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  • Writer's pictureAnthony Sciarratta

Advice for Writers: Be John Hancock

A writer is forced to have thick skin. It may not be so thick when you start writing, but as you progress into your career as a writer, your skin should get thicker by the day.

It’s not an easy choice to put your all into a career path that’s so unstable. There’s not normally a bright light at the end of a long and dark tunnel that you can see. The money is almost never consistent. There will be plenty of negativity from others around you. People will say it’s not a real job.

Keep in mind that this could apply for all artists, not only writers.

All writers have experienced rejection at some point, it’s in our job description. Rejection is an important part of a writer’s career. It’s where a writer makes their bones. A writer truly knows when their product is good. That is of course, unless you’re too narcissistic to see the truth.

There are few notable writers that didn’t face rejection in their careers, and when I mean rejection, I mean major rejection. J.K. Rowling, Nicholas Sparks, Irving Stone, and H.G. Wells have all faced more than a few rejections. Herman Melville didn’t even live to see his novel’s success.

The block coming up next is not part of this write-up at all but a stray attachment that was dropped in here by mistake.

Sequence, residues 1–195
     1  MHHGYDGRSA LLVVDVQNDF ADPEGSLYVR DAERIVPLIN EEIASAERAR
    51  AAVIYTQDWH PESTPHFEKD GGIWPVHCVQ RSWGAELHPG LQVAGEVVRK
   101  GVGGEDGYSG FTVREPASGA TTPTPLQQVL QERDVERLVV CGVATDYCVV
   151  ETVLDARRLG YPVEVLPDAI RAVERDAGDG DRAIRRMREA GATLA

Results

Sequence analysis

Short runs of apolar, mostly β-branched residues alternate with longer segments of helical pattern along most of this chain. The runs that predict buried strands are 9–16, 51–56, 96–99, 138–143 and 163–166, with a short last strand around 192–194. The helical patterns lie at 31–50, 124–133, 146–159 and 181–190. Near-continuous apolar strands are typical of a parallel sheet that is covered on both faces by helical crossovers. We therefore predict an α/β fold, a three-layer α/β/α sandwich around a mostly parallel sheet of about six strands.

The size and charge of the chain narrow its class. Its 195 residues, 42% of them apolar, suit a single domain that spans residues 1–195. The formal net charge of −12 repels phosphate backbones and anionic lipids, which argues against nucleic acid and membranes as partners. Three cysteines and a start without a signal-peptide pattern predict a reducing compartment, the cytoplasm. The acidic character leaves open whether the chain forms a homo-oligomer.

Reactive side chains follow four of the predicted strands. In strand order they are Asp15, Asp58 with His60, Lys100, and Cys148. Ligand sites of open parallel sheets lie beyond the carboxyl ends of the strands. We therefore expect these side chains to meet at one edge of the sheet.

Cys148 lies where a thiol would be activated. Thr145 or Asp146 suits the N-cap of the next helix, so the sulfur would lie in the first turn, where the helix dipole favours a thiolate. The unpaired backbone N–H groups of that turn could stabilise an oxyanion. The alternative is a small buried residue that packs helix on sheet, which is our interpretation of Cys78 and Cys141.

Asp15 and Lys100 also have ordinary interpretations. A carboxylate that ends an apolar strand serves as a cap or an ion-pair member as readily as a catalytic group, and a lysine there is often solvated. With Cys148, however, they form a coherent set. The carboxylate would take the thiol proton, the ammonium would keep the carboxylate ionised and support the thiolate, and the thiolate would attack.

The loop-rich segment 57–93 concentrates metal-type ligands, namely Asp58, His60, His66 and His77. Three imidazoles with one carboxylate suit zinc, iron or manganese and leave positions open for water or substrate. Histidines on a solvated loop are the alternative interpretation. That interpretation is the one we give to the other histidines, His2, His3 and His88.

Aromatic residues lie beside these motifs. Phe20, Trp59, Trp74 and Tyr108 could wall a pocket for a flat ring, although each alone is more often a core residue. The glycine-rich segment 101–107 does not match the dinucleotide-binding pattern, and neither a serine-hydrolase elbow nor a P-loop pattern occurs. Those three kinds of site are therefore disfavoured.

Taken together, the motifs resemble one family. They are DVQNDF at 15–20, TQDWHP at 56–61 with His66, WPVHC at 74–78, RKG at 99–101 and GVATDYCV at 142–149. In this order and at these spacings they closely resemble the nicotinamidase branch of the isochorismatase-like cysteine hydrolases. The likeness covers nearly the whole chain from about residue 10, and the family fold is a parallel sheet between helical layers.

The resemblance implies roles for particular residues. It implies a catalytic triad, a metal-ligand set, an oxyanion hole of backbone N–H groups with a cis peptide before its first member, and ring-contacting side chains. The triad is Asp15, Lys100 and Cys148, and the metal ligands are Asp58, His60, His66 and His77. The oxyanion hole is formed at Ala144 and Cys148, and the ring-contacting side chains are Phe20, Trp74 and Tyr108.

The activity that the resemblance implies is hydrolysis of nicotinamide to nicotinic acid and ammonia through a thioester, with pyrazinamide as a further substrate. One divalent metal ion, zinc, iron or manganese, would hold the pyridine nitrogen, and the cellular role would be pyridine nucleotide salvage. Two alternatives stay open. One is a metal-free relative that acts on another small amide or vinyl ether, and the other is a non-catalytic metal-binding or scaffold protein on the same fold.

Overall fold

To get past these bumps in the road, writers have to do two things.

1. Surround yourself with a very supportive group of people (this isn’t always family).

2. Have guts.

When I say, “have guts,” I’m talking about some serious nerves of steel. The kind of guts that the founding fathers of America had. The perfect example is the story of John Hancock.

I’m sure most of you reading this have heard his story. Hancock was the first founding father to sign the Declaration of Independence. He signed his name on the document largely to assure that King George III would be able to read it without his glasses. This is the legend behind the story of John Hancock, who knows if it’s true or not, but there’s a lesson to be learned here.

John Hancock signed that document in large print and very clearly. He wanted to make sure that King George III would know his name. Keep in mind he was signing his death warrant, because he was hunted by the British after that day. If the British got a hold of him, he would have been executed. Clearly, it bothered him little.

As a writer, when you hold your work in your hands, you should cherish it. When you’ve tirelessly edited, thought, and typed page after page, you should be proud of yourself. Put your name in large print on that novel or short story. Be proud of that poem or screenplay.

Be you!

Sign your “John Hancock” right on the front page. Let the world know you’re here to stay. Introduce the world to the next biggest writer with nerves of steel. Take those rejections and throw them right in the garbage. What does that publisher know? Probably nothing aside from making money. Most of them have that goal in mind. Their job isn’t to decide whether or not you have talent, or your writing is good. Their job is to make sure they make money. You could be the next William Shakespeare and it wouldn’t matter much to them if what you wrote isn’t what’s selling right now.

Hang in there, keep writing, keep querying, keep being you, own your work, and live your dream!

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